Supply, Demand, and English Food


We Americans like to boast about our economic turnaround in the

'90s, but you could argue that England--where I've spent the past few

weeks--is the real comeback story of the advanced world. When I

first started going there regularly in the early '80s, London was a

shabby and depressed city, and the country's old industrial regions

were a Full Monty-esque wasteland of closing factories and

unemployment lines. These days, however, London positively buzzes

with prosperity and with the multilingual chatter of thousands of

young Europeans-- French especially--who have crossed the Channel in

search of the jobs they can no longer find at home. How this

turnaround was achieved is a fascinating question; whether the new

Labour government can sustain it is another.

But I'm not going to try answering either question, because I've

been thinking about food. Marcel Proust I'm not (what the hell is a

madeleine, anyway?), but the change in English eating habits is

enough to get even an economist meditating on life, the universe, and

the nature of consumer society.

For someone who remembers the old days, the food is the most

startling thing about modern England. English food used to be

deservedly famous for its awfulness--greasy fish and chips,

gelatinous pork pies, and dishwater coffee. Now it is not only easy

to do much better, but traditionally terrible English meals have even

become hard to find. What happened?

Maybe the first question is how English cooking got to be so bad

in the first place. A good guess is that the country's early

industrialization and urbanization was the culprit. Millions of

people moved rapidly off the land and away from access to traditional

ingredients. Worse, they did so at a time when the technology of

urban food supply was still primitive: Victorian London already had

well over a million people, but most of its food came in by horse-

drawn barge. And so ordinary people, and even the middle classes,

were forced into a cuisine based on canned goods (mushy peas!),

preserved meats (hence those pies), and root vegetables that didn't

need refrigeration (e.g. potatoes, which explain the chips).

But why did the food stay so bad after refrigerated railroad cars

and ships, frozen foods (better than canned, anyway), and eventually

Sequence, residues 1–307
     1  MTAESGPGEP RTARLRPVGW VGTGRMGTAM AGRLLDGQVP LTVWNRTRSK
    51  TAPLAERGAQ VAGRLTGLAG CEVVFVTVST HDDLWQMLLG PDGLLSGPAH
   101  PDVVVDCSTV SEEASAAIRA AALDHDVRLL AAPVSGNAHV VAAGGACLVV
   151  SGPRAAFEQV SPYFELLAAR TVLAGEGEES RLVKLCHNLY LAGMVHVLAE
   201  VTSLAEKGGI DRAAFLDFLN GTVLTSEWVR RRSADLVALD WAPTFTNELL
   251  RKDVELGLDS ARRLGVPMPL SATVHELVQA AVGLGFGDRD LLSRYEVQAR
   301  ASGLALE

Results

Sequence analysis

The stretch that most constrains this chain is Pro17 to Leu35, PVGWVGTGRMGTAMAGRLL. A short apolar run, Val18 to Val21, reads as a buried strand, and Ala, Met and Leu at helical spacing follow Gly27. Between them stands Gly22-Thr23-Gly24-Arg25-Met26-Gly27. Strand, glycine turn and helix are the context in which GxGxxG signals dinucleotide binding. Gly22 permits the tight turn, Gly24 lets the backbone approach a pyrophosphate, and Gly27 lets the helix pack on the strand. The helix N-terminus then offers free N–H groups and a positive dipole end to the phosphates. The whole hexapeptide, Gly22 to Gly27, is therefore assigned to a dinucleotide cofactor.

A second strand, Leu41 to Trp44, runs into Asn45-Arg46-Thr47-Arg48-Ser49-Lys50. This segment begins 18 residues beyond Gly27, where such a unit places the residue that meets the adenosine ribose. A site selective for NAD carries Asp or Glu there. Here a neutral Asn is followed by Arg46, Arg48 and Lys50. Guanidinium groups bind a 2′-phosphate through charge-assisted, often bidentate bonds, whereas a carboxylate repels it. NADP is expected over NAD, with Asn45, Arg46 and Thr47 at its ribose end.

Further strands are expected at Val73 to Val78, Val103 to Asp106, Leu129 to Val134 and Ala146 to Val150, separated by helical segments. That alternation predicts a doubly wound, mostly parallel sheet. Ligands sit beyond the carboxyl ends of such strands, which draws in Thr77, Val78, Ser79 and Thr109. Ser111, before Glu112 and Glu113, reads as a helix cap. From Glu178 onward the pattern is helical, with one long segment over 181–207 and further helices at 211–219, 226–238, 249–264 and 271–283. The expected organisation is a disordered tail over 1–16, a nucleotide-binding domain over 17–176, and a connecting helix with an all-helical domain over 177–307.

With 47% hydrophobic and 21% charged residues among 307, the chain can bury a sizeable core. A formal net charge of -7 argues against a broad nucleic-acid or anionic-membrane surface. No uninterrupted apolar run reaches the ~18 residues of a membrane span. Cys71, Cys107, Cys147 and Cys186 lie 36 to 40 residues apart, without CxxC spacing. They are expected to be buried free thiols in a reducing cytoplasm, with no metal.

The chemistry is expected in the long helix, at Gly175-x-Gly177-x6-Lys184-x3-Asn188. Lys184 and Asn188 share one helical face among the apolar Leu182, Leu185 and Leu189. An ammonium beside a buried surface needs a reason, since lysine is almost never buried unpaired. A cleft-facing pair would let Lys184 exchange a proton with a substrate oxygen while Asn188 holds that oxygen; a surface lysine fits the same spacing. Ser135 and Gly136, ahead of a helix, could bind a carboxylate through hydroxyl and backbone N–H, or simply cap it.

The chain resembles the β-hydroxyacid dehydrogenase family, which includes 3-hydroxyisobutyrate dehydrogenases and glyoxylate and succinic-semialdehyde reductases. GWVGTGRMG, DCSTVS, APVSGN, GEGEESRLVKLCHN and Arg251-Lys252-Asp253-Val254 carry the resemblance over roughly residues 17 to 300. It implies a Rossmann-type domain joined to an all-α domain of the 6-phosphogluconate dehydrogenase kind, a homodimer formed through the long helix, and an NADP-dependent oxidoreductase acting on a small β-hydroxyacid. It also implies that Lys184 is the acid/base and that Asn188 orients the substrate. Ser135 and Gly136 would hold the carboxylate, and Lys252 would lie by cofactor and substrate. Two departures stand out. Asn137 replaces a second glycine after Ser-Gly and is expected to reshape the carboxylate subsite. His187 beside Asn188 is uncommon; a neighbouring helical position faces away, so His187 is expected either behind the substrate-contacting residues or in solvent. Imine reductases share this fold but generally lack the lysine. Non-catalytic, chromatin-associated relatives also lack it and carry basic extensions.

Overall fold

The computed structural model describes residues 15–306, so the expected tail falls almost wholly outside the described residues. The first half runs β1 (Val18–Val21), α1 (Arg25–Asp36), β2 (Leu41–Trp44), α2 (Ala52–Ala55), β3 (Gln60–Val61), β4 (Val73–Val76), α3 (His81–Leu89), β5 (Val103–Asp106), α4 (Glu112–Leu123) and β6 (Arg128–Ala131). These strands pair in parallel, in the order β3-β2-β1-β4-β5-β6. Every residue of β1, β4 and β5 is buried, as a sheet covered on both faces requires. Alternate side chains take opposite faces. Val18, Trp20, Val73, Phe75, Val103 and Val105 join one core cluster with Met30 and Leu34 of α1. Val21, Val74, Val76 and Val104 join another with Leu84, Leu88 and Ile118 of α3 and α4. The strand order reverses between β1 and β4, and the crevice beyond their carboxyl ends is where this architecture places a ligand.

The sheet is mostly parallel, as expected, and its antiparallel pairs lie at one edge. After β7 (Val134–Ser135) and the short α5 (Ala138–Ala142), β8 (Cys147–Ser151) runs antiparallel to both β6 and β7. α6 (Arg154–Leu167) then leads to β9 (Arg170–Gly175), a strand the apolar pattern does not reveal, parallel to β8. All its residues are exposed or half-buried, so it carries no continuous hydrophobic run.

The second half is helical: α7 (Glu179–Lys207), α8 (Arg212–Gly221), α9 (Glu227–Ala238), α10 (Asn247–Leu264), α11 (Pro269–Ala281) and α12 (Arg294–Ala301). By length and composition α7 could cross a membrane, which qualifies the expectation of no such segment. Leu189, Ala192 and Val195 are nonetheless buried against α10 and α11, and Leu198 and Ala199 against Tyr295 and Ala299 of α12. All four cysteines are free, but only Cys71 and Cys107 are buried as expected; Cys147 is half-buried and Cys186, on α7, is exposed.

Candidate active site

air-freight deliveries of fresh fish and vegetables had become

available? Now we're talking about economics--and about the limits

of conventional economic theory. For the answer is surely that by

the time it became possible for urban Britons to eat decently, they

no longer knew the difference. The appreciation of good food is,

quite literally, an acquired taste--but because your typical

Englishman, circa, say, 1975, had never had a really good meal, he

didn't demand one. And because consumers didn't demand good food,

they didn't get it. Even then there were surely some people who

would have liked better, just not enough to provide a critical mass.

And then things changed. Partly this may have been the result of

immigration. (Although earlier waves of immigrants simply adapted to

English standards--I remember visiting one fairly expensive London

Italian restaurant in 1983 that advised diners to call in advance if

they wanted their pasta freshly cooked.) Growing affluence and the

overseas vacations it made possible may have been more important--how

can you keep them eating bangers once they've had foie gras? But at

a certain point the process became self-reinforcing: Enough people

knew what good food tasted like that stores and restaurants began

providing it--and that allowed even more people to acquire civilized

taste buds.

So what does all this have to do with economics? Well, the whole

point of a market system is supposed to be that it serves consumers,

providing us with what we want and thereby maximizing our collective

welfare. But the history of English food suggests that even on so

basic a matter as eating, a free-market economy can get trapped for

an extended period in a bad equilibrium in which good things are not

demanded because they have never been supplied, and are not supplied

because not enough people demand them.

And conversely, a good equilibrium may unravel. Suppose a country

with fine food is invaded by purveyors of a cheap cuisine that caters

to cruder tastes. You may say that people have the right to eat what

they want, but by thinning the market for traditional fare, their

choices may make it harder to find--and thus harder to learn to

appreciate--and everyone may end up worse off. The English are often

amused by the hysteria of their nearest neighbors, who are terrified

by the spread of doughnuts at the expense of croissants. Great was

the mirth when the horrified French realized that McDonald's was the

official food of the World Cup. But France's concern is not entirely

silly. (Silly, yes, but not entirely so.)

Compared with ethnic cleansing in Kosovo and the plunging yen,

such issues are small potatoes. But they do provide, well, frites

for thought.